Posted: Friday, October 16, 2009 3:09 PM
Filed Under: Kabul, Afghanistan
Afghanistan's presidential elections, marred by allegations of widespread fraud, appear headed for a runoff, but no matter what the outcome there appears little chance it will change the government's pervasive culture of corruption and crisis of confidence.
"Corruption? Corruption? The entire Karzai regime is corrupt!" Dr. Wadir Safi bellows in a fit of anger and frustration. Outside Kabul University were Safi is a long-standing professor of International Law and Politics, a large crowd of students gathers as Safi delivers an impromptu lecture on what many here see as criminal behavior by President Hamid Karzai and his administration.
Safi has little confidence Karzai's challenger, Abdullah Abdullah could win in a runoff, but insists, "If Karzai is re-elected his government will be illegitimate. The Afghan people will have "no confidence" in the government, he says.
But Safi, and many others from inside and outside the Afghan government who spoke with NBC News, stress that corruption here goes far deeper than fraudulent elections, and in fact infects virtually every level of the Karzai government and Afghan society.
"It's like the mafia" and Karzai is "Tony Soprano," according to one Afghan lawmaker. "Almost everyone is on the take," from senior government officials, to provincial governors, to the local police.
One of the president's brothers, Walid Karzai, has been publicly accused of facilitating the flow of narcotics out of Afghanistan. Sen. John McCain, R-Ariz., said recently that Karzai should throw Walid out of the country. But Karzai has taken no action against his brother. In fact, in a highly controversial move, Karzai recently ordered five suspected drug dealers released from police custody before they faced any legal action.
One U.S. official involved in counter-narcotics operations tells NBC News that convoys carrying opium and heroin are routinely waved through police checkpoints and border crossings without a second glance. "The drug dealers buy the protection at the top" of the Afghan government.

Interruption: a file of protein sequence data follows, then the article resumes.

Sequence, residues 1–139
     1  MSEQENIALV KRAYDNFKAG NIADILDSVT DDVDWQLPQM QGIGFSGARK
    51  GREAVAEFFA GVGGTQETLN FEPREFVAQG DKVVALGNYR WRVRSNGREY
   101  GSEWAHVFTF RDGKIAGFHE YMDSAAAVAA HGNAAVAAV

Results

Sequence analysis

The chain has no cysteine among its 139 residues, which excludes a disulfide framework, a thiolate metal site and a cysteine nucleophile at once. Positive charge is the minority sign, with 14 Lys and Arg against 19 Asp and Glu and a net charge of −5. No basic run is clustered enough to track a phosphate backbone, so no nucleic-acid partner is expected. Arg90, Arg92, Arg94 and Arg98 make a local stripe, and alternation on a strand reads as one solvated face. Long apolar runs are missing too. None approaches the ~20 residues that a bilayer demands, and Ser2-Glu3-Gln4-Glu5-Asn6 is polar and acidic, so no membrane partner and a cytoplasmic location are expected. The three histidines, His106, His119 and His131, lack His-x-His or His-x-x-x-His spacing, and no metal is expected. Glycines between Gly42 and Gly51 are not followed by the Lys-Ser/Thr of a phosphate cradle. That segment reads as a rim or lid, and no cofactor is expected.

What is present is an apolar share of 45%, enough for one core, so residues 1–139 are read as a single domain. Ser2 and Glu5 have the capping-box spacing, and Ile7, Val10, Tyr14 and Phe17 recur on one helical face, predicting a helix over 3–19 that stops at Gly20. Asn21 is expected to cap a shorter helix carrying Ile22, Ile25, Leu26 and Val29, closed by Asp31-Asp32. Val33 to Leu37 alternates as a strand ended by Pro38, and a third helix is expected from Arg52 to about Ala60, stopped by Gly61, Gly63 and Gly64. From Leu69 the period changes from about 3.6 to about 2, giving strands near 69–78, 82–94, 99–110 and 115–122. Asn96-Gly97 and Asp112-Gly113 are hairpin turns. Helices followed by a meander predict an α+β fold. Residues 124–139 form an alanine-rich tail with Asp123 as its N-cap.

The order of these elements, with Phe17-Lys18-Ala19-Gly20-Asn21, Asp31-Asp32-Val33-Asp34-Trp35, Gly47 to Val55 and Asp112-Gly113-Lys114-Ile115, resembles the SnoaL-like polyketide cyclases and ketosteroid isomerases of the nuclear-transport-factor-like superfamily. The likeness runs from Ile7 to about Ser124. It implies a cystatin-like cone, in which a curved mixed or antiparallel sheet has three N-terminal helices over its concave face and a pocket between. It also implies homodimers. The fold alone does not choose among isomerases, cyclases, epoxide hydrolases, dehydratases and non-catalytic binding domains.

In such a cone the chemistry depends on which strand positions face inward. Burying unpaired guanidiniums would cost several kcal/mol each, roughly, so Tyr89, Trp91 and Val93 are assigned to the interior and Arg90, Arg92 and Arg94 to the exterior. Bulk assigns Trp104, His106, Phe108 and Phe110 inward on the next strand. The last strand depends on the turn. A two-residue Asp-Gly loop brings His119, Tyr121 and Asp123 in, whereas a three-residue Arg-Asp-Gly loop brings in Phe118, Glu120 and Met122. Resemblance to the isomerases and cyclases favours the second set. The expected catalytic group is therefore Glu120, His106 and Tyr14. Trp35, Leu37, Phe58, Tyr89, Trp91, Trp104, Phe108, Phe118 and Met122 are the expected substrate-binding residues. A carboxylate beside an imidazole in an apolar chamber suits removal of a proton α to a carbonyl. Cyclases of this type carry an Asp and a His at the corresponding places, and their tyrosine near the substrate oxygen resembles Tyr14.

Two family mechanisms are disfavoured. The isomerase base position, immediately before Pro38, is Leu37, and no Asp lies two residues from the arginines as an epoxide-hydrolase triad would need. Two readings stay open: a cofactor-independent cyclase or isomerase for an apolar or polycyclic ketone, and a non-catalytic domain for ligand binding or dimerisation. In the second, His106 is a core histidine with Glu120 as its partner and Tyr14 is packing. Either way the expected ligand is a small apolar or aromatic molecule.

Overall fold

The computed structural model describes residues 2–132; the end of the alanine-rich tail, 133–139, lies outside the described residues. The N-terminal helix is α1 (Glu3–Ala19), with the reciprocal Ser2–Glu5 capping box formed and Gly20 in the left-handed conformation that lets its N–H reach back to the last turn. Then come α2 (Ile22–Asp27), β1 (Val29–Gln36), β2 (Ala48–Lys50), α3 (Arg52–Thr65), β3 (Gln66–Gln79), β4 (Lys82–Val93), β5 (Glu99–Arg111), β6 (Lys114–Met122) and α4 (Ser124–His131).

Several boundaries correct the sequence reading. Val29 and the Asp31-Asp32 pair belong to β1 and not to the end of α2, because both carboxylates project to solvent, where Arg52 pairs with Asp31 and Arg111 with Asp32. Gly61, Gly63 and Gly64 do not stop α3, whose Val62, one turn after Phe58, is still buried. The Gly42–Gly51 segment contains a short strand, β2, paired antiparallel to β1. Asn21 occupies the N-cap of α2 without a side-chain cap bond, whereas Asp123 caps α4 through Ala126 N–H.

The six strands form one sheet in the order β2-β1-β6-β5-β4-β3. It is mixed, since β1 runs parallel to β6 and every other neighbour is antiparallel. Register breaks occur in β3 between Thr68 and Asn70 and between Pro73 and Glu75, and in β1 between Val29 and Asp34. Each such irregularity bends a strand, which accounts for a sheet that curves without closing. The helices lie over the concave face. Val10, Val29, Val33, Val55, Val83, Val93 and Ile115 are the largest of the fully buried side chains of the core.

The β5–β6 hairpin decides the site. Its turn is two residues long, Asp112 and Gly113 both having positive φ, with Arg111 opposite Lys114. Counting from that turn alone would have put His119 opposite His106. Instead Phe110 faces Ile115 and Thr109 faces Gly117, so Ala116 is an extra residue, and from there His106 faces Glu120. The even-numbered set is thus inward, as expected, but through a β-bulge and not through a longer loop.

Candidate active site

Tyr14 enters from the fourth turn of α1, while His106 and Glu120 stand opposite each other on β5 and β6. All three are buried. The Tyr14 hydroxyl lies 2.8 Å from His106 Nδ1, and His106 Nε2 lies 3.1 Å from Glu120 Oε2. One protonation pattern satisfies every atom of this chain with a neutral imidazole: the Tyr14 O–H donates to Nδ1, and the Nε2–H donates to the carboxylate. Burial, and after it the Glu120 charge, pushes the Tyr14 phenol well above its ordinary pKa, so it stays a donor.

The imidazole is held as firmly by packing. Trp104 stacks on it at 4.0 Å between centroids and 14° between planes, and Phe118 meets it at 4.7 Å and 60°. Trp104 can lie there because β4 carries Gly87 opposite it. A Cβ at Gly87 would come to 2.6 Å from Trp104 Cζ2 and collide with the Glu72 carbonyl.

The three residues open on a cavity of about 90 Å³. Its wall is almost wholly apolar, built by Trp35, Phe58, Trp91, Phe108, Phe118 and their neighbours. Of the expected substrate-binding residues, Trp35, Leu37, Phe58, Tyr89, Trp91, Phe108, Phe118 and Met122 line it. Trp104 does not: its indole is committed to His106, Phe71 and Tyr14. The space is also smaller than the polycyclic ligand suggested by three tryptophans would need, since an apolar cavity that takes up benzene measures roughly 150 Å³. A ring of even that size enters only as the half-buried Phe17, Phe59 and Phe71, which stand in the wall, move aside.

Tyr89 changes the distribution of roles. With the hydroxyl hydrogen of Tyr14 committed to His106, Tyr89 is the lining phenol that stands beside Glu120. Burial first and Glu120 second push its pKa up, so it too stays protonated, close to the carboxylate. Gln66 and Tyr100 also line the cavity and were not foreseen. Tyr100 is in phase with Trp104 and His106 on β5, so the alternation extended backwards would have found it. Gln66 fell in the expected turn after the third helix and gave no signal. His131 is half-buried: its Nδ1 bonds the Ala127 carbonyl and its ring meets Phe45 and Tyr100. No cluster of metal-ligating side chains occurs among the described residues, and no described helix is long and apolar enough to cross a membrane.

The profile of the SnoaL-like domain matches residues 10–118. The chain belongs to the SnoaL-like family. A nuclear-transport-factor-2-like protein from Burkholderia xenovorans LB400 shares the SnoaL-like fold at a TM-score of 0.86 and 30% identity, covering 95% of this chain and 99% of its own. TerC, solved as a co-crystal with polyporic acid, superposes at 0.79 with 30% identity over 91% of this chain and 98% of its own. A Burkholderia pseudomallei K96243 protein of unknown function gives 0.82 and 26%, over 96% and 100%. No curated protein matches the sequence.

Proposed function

A share of the money paid in bribes then trickles down to local police commanders and their officers. Even more shocking, U.S. officials claim that on the way back into Afghanistan some of those same convoys are waved through the same checkpoints, this time carrying weapons that likely end up in the hands of the Taliban -- guns that are then turned on American forces.
This kind of government-sanctioned corruption is not confined only to the top tiers of the Afghanistan leadership or security forces, but infects all aspects and levels of society. Business owners are frequent targets of criminal shakedowns, demands by government officials and police for illegal "taxes or tolls." Even common laborers are forced to hand over three days’ worth of pay, the equivalent of about $30, to government officials to get a routine work permit.
In his assessment of the war that he sent to President Barack Obama, Gen. Stanley McChrystal warned that "widespread corruption and abuse of power" are as big a threat to the U.S. mission in Afghanistan as the Taliban insurgency. There's some evidence that such rampant and blatant government corruption is driving many Afghans into the hands of the Taliban.
U.S. officials also worry that the Afghan people are beginning to believe that American presence here is only making matters, and their lives, worse. In the wake of the disputed elections, there appears to be a growing perception the Americans and their military are intent on "propping up" Karzai's corrupt regime. U.S. officials can argue that could not be further from the truth, but as Gen. McChrystal knows, in any counter-insurgency perception often trumps reality, and without the support of the people the war would most certainly be lost.
This presents the Obama administration with a critical dilemma. If Karzai wins a runoff election, as most Afghans and U.S. officials expect, Obama may be forced to pressure him to clean house -- shake up his cabinet and roster of corrupt provincial governors or the U.S. and its military will pull up stakes and go home. In the short term, neither appears likely.
The Obama administration may consider the consequences of a rapid pullout -- the potential for an Afghan civil war that could create another safe haven for al Qaeda and other extremists -- too great. At the same time, to many Afghans, Karzai and his regime are beyond rehabilitation.
"When you wash a black cat," says Safi, the university professor, "it only gets more black."
As Obama considers sending more American forces into Afghanistan,
prospects could not be much darker.